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Canonical URL

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What is a canonical URL?

A canonical URL is the preferred URL for a webpage. The meta tag “link rel” is how you tell search engines what the canonical URL is for each of your website pages. The canonical meta tag is placed in the <head> of your webpage, and looks like this:

<link rel=”canonical” href=”https://www.example.com” />

Why are canonical URLs used?

Canonical URLs are an SEO technique for managing duplicate content.

When should I use a canonical URL?

Every page of your site should have a canonical URL meta tag.

Why are canonical URLs sometimes different from the browser URL?

One canonical URL example is when your website has duplicate content (multiple pages with very similar content).  In this situation it is best practice to choose one as the canonical (preferred) URL. Even though one page does not redirect to the other (as is best practice when managing the www and non-www version of your site) setting a canonical URL tells search engines which page to index, and which to ignore, thus avoiding any SEO damage.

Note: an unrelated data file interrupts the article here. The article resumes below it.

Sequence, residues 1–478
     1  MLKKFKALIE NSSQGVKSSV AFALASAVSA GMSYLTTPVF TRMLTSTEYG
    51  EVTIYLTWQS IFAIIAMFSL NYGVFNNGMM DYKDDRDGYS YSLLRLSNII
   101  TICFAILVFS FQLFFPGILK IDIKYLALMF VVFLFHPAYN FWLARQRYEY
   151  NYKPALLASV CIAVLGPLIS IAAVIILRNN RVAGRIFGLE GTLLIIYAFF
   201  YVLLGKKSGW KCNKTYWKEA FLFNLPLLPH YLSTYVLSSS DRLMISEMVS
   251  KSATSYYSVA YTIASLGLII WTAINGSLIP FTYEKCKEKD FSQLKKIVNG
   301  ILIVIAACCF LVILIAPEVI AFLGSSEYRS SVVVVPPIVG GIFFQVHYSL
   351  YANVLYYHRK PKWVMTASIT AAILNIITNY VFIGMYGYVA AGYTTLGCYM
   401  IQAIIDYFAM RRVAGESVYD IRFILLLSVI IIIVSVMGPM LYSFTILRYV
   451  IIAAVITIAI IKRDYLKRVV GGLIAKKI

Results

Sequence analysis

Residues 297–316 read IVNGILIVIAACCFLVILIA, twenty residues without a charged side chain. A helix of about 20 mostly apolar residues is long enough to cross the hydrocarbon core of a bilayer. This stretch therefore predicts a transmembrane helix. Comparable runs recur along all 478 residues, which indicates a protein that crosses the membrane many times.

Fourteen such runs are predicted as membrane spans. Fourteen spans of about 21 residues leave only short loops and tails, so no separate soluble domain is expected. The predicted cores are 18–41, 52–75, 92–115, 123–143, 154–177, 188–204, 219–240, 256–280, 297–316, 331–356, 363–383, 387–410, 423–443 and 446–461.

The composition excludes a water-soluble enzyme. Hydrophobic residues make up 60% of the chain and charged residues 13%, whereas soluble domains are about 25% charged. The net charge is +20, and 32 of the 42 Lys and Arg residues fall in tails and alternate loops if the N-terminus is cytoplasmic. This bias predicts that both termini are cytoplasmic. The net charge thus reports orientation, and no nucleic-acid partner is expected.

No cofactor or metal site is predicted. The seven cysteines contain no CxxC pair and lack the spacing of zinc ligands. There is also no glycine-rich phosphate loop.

I use canonical URLs to avoid the negative SEO effects of duplicate content because the front page of Surfnetkids.com https://www.surfnetkids.com has the same content has the front page of my Surfnetkids Resources blog https://www.surfnetkids.com/resources/. So, if you view the source of the latter URL, you will see the canonical URL is set to the former URL.

Some site structures create duplicate content because certain pages can be reached via multiple paths: such as https://www.example/people/biographies and https://www.example.com/history/biographies/. Canonical URLs are the SEO technique that solves this kind of duplicate content.

Yet another use of canonical URLs is on AMP versions of posts, where the canonical URL points to the desktop/mobile version (the non-AMP version). You can take a look at this in the source code for the AMP version of this post: https://www.wordher.com/glossary/canonical-url/amp/

Canonical URLs can also point to original posts on external websites. Suppose you wrote an original guest post for someone else’s blog but you also want to publish it on your site. In fairness to the other site (since you promised them an original, unique guest post) you could publish it on your blog (so your regular readers will see it) but set the canonical URL to be the external site so the search engines will only send traffic to them.

The Yoast SEO plugin is one way of setting canonical URLS (it’s what I use) but there are other plugins that do the same thing.

Setting a canonical URL in Yoast SEO plugin.